To read previous stories on the S.C. State corruption scandal, go to postandcourier.com/scstate.
Students at South Carolina State University were pressured into using a promoter for a homecoming concert, financed with student fees, who had ties to the chairman of the school’s board of trustees, according to student leaders.
The 2011 event moved to center stage this month when the former chairman of the Board of Trustees and his business associate were charged with participating in a kickback scheme in connection with the concert.
Some student leaders said university officials pressured student organizers to choose a promoter who had ties to Jonathan Pinson, who at the time was the school’s board chairman. The concert, an annual event paid for with student activity fees, didn’t make a profit that year, so it drained much-needed funds for students.
Not guilty pleas
Pinson, 42, of Simpsonville, and his friend and business associate Eric Robinson, 42, of Greer, were indicted on charges that they attempted to affect interstate commerce by extortion and participated in an alleged kickback scheme in connection with the concert.
According to the federal indictment, Pinson was to receive a kickback for steering a contract to manage the concert to W.E. Entertainment, a company in which Robinson is a partner. The indictment doesn’t state what kind of kickback Pinson was to receive.
Pinson also was indicted on charges that he attempted to use his influence at the university to broker a land deal in exchange for a $110,000 Porsche Cayenne.
Pinson and Robinson pleaded not guilty to all counts of the indictment.
Former university Police Chief Michael Bartley, 48, pleaded guilty to conspiracy for his role in the land deal, for which the Orangeburg resident would have received an ATV and about $30,000 in cash.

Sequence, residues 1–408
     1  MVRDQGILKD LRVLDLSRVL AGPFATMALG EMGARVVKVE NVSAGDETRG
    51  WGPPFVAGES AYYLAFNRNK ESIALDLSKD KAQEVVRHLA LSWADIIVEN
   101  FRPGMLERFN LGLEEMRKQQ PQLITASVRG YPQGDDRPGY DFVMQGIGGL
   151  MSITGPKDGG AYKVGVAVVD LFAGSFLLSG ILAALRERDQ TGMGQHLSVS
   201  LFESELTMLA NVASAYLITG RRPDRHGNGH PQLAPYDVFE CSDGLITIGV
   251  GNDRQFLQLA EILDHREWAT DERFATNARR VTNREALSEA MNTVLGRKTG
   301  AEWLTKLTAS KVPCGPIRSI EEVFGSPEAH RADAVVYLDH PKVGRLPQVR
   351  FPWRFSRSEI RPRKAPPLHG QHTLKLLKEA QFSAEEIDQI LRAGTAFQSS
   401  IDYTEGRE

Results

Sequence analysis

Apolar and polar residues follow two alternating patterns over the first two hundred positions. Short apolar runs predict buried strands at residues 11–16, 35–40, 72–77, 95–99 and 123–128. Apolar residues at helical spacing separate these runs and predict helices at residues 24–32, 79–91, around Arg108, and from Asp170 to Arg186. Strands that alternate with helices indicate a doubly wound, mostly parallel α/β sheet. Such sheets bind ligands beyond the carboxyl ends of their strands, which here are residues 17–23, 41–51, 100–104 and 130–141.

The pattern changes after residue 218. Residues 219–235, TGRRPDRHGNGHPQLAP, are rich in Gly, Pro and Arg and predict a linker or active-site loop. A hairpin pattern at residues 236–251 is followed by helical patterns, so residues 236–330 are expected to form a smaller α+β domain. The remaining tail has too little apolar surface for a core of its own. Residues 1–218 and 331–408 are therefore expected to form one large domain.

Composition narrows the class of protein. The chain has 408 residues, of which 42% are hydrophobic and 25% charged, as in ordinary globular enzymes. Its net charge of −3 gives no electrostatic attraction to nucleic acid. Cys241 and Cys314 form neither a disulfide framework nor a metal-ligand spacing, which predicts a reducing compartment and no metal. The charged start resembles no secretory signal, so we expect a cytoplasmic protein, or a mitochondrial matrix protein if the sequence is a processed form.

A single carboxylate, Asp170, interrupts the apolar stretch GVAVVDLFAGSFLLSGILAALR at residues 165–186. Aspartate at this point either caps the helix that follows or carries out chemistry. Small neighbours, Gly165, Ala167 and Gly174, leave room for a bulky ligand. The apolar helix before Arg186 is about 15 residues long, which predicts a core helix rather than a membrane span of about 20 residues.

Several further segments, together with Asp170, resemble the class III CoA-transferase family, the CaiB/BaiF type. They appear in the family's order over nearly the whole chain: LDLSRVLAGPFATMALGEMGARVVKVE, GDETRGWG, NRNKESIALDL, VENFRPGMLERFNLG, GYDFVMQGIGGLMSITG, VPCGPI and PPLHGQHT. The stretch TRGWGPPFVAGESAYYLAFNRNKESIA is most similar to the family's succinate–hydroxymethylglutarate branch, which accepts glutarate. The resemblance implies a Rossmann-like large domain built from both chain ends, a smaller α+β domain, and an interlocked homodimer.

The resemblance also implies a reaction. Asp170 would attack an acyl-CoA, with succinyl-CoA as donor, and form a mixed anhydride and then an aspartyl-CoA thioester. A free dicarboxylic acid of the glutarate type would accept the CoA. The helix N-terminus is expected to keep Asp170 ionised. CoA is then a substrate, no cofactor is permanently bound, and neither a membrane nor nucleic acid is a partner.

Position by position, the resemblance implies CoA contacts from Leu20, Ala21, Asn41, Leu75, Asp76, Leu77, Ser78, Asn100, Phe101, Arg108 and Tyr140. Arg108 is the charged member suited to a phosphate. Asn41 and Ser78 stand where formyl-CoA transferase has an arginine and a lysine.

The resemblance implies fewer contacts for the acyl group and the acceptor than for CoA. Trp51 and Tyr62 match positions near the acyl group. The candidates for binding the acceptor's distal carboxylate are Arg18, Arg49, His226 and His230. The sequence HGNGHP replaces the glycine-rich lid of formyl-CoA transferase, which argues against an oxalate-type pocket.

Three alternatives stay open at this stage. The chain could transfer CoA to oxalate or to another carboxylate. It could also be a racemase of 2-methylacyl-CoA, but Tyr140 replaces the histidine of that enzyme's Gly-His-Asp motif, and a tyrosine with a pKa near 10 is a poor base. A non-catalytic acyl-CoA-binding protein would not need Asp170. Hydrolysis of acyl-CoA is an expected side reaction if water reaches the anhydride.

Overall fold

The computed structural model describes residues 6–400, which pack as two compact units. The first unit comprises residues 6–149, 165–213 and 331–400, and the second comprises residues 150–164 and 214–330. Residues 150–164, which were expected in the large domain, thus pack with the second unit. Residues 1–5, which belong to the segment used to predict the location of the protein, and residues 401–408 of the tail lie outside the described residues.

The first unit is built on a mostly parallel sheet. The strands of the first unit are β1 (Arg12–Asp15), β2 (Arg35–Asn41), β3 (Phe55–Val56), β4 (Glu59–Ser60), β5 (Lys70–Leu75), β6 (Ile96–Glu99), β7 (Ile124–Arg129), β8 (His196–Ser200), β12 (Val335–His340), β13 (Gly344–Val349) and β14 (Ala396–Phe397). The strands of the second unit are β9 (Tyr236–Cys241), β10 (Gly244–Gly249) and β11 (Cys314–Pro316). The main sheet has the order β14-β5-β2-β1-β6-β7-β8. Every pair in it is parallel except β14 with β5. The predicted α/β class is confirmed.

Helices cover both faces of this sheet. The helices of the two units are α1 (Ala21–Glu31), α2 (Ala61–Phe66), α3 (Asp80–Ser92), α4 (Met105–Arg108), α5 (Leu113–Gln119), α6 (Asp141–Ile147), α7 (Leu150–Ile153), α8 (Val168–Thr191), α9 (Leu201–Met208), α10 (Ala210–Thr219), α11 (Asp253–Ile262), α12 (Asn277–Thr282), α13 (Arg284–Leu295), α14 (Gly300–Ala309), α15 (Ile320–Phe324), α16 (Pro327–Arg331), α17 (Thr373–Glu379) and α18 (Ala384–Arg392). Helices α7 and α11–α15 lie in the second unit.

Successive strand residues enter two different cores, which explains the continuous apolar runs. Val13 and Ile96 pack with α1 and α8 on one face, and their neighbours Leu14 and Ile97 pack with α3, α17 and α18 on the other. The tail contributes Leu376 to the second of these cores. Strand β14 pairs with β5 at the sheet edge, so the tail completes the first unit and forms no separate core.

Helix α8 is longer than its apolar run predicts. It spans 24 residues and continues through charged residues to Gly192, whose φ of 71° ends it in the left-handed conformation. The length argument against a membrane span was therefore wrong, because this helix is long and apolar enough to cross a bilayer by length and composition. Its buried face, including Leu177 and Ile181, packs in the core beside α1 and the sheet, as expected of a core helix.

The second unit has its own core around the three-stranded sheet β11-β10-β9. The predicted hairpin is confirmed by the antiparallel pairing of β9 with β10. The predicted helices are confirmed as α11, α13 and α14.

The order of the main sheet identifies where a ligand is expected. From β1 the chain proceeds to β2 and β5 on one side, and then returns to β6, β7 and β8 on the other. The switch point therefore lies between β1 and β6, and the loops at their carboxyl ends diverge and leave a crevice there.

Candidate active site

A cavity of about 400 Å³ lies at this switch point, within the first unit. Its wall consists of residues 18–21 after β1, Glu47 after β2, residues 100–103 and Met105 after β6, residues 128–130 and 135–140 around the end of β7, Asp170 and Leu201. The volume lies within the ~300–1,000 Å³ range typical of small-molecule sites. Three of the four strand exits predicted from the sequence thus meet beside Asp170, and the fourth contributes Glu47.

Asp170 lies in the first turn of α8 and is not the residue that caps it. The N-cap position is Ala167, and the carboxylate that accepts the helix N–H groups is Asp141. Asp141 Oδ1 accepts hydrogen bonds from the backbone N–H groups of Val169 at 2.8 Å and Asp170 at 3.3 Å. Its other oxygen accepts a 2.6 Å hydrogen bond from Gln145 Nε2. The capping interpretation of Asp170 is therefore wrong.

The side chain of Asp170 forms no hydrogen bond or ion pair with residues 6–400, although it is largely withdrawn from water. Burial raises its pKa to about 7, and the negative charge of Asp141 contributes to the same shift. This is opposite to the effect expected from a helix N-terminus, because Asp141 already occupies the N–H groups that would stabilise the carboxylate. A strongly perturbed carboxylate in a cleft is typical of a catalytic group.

Federal officials said more indictments are expected.
Kenneth McClary, an S.C. State student in 2010 and 2011, said it was common knowledge among student leaders and those involved in campus politics that certain board members and administrators pressured students organizing the annual concert to hire W.E. Entertainment as its promoter.
Organizers refused in 2010 but capitulated to officials’ demands in 2011.
McClary, who now works as a clerk for the state of Connecticut’s Finance, Revenue and Bonding Committee, led an informal student group in 2011 that circulated a petition calling for improvements and accountability at the university.
Donovan McDaniel, the university’s student activities president, told WIS-TV in Columbia that in 2011, “We took the orders we received” and hired W.E. Entertainment. Student organizers did that after being told that profit from ticket sales would be used to improve student housing, McDaniel said.
W.E. Entertainment’s contract included a $280,000 budget for the concert, according to documents The Post and Courier received from the university in response to a request under the state’s Freedom of Information Act. In exchange for managing the event, the company would get $25,000 and 40 percent of ticket and merchandise sales.
Interim university President Cynthia Warrick, through spokeswoman Ashley Elliott, said she could not answer financial questions about the concert because it was part of an ongoing criminal investigation. And the documents released to the paper don’t make clear how much W.E. Entertainment actually received.
Board Chairman Walter Tobin said the concert lost money, but he couldn’t provide specific details about concert finances.
The board months ago simply was told that finances for the concert “weren’t kosher, weren’t right,” and that it involved an inappropriate use of student activity fees, Tobin said.
The documents also include contracts for five performers totaling $190,000 — $80,000 for Charlie Wilson, $70,000 for Young Jeezy, $20,000 Chrisette Michele, $10,000 for Ace Hood and $10,000 for Future.
Reach Diane Knich at 937-5491.
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